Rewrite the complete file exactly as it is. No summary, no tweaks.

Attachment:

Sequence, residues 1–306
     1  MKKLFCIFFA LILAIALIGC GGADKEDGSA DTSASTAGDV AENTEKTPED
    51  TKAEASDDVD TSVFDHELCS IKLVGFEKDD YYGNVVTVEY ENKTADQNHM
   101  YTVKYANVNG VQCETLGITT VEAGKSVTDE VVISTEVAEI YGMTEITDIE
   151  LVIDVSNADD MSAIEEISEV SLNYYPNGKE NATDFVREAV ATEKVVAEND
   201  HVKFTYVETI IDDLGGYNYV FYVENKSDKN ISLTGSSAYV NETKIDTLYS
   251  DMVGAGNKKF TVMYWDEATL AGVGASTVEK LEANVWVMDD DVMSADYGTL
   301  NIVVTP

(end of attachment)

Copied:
Sequence, residues 1–306
     1  MKKLFCIFFA LILAIALIGC GGADKEDGSA DTSASTAGDV AENTEKTPED
    51  TKAEASDDVD TSVFDHELCS IKLVGFEKDD YYGNVVTVEY ENKTADQNHM
   101  YTVKYANVNG VQCETLGITT VEAGKSVTDE VVISTEVAEI YGMTEITDIE
   151  LVIDVSNADD MSAIEEISEV SLNYYPNGKE NATDFVREAV ATEKVVAEND
   201  HVKFTYVETI IDDLGGYNYV FYVENKSDKN ISLTGSSAYV NETKIDTLYS
   251  DMVGAGNKKF TVMYWDEATL AGVGASTVEK LEANVWVMDD DVMSADYGTL
   301  NIVVTP